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Brewer-appointed privatization commission issues long-awaited report, recommends more privatization

The Commission on Privatization and Efficiency released its long-awaited report, nearly eight months after it was originally scheduled for completion.

Now, Gov. Jan Brewer and lawmakers will have the rest of the year to wade through the 46-page report’s 16 recommendations before coming back to the Capitol for the 2012 legislative session.

“It is my hope that these recommendations will serve as a starting point for change and ensure that we are being good stewards with taxpayer dollars,” Department of Gaming Director Mark Brnovich, who chairs the commission, wrote in a letter to Brewer that accompanied the report.

Many of the proposals contained only broad outlines of major structural reforms and many require more extensive research and analysis before they can be implemented. Few of the recommendations in the report, which COPE released on July 21, included dollar figures or projected savings.

But Rep. John Kavanagh, R-Fountain Hills, said there has been a lot of anticipation among lawmakers to undertake such proposals and hoped that the report would point them in the right direction. Kavanagh, who had not yet seen the report, said it would be better for the Legislature to tackle the “fine tuning” of the policy proposals.

“It sounds to me like it’s going to be simultaneously informative, interesting and controversial. That’s just what we like down here,” said Kavanagh, the chairman of the House Appropriations Committee. “Clearly, many people feel that more could be done, and this will give us some guidelines and suggestions as to where to look.”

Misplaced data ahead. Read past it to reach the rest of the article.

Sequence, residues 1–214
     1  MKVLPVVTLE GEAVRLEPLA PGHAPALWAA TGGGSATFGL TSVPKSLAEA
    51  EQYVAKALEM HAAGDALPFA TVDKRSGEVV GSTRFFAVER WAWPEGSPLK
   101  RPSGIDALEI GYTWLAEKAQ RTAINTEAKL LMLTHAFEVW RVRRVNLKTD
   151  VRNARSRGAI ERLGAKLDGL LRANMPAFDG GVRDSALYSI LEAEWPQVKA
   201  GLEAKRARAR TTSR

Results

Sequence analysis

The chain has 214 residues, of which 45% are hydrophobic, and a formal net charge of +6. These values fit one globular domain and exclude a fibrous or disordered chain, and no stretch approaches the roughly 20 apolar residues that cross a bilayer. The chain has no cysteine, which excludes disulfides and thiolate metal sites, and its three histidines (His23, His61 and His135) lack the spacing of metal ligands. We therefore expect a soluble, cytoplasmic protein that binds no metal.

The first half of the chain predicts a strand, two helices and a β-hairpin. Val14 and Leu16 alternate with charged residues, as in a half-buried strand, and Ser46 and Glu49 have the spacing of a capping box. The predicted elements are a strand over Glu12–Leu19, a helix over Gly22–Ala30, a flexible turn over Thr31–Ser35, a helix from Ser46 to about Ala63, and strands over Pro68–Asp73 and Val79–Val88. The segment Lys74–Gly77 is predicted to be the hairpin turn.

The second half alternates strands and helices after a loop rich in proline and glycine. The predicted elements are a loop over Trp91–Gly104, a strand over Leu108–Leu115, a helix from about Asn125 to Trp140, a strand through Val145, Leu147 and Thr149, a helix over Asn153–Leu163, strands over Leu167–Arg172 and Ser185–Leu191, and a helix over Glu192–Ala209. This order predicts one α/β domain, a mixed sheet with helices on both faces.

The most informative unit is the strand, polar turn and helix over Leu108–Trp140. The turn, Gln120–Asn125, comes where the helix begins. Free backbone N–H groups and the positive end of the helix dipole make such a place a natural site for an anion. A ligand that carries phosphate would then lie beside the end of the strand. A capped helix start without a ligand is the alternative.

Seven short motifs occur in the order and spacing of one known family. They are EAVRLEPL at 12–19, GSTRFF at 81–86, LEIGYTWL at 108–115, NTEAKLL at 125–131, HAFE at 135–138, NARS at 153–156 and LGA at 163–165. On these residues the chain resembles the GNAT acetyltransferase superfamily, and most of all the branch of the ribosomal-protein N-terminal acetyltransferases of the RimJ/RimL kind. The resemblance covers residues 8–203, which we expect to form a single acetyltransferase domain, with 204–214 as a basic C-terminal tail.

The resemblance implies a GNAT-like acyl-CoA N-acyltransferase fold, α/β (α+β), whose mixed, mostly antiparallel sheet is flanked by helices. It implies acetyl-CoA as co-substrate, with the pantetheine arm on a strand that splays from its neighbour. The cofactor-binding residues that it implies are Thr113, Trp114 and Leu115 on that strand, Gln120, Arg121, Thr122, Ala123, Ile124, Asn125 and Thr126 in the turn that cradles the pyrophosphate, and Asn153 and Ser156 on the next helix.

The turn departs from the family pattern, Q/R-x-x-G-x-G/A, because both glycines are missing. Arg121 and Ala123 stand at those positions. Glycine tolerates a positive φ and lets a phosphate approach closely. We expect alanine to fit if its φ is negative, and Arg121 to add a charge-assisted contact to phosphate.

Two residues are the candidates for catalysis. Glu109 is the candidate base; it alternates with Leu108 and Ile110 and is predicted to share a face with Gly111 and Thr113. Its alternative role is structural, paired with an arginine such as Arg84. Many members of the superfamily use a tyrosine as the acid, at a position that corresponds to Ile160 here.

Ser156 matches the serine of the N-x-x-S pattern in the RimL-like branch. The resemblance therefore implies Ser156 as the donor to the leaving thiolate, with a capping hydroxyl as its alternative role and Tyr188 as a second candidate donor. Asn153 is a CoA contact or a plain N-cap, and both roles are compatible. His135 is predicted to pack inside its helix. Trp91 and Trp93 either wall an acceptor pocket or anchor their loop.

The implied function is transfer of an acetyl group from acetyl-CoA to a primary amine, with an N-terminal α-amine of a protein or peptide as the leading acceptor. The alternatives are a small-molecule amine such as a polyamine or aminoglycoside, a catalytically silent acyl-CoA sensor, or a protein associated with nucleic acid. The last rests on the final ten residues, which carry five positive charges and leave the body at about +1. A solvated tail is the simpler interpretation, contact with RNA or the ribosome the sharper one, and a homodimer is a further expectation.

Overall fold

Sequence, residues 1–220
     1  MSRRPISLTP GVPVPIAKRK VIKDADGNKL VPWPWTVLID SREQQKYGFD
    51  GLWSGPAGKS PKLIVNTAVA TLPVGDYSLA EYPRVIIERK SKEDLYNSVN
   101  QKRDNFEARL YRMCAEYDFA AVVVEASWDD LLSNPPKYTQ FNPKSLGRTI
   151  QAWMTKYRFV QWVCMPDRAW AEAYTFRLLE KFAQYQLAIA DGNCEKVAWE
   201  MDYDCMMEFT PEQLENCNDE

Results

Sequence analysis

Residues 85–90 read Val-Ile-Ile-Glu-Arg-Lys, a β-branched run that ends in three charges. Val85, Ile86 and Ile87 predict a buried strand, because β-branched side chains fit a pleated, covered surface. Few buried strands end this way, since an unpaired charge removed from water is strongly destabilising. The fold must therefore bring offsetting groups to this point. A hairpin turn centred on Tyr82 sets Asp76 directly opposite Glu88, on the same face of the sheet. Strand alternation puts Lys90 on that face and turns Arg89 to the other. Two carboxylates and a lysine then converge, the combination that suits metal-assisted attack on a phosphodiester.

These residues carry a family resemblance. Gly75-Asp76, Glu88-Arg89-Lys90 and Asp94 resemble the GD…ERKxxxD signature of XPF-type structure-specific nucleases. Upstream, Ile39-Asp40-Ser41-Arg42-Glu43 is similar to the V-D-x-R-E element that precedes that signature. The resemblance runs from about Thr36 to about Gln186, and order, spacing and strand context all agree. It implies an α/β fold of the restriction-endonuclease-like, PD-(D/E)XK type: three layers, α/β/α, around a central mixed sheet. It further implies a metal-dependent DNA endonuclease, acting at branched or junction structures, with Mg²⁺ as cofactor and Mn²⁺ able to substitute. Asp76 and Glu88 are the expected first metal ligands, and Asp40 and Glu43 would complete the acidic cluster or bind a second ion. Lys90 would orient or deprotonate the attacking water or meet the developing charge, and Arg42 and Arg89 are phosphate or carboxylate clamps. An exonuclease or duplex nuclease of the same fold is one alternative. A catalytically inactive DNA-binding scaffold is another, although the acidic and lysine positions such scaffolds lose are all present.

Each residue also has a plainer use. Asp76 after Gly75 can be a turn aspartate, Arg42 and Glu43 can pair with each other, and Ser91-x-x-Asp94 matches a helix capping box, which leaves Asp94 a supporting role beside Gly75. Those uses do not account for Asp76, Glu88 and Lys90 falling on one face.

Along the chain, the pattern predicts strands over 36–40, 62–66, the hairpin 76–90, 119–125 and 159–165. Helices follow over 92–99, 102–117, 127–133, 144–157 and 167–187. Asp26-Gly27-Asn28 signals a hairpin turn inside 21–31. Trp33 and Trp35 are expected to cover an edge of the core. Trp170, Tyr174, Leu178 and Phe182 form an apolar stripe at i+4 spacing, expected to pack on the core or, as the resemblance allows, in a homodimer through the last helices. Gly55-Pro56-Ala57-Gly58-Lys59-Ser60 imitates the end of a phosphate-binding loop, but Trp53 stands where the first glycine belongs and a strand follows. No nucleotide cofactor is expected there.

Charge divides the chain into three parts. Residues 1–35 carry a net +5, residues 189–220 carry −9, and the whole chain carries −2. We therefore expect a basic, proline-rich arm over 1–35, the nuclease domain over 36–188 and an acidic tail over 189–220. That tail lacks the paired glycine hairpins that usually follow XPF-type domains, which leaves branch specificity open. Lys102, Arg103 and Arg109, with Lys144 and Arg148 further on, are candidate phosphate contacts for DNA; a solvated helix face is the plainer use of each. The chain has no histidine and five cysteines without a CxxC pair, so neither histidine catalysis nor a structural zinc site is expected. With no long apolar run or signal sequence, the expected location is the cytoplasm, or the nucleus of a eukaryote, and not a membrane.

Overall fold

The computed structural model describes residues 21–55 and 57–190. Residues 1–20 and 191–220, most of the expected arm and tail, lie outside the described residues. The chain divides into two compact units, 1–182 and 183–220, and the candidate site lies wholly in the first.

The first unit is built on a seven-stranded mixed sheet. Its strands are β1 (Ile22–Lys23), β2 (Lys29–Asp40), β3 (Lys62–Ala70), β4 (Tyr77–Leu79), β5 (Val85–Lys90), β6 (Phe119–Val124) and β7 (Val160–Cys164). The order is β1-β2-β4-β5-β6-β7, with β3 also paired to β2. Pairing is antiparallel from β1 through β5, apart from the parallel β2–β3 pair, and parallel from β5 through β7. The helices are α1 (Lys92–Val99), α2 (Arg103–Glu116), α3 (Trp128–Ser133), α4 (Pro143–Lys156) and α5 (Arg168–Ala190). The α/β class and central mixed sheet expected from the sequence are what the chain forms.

A pension reform proposal recommended that the state hire an independent actuary to analyze several alternate models for the Arizona State Retirement System, including enrolling all newly hired employees in a defined contribution plan instead of the current defined benefits plan, or using a “hybrid plan.”

Another recommendation was for the state to eliminate, consolidate or privatize more than 70 state agencies, boards or commissions, though the preliminary review COPE conducted of those entities was not included in the report. In a separate recommendation, the report suggested transferring the state’s bingo administration and tobacco enforcement divisions into other agencies.

Some recommendations were fairly detailed. A proposal to privatize the operations and management of the Arizona State Lottery included an analysis of how increased lottery revenue over the past five years has been largely offset by rising operating costs. Between fiscal years 2006 and 2010, lottery revenues jumped by about $83 million, but operating costs rose by a similar amount. The recommendation included an analysis of a similar proposal enacted in Illinois in 2010.

The report included broad, sweeping proposals on Arizona’s budgeting process and the way the state funds K-12 education. COPE recommended that the state switch to an outcome-based or performance-based budgeting model, in which the state would prioritize spending items on a year-to-year basis instead of using a “default position” from the previous year’s budget.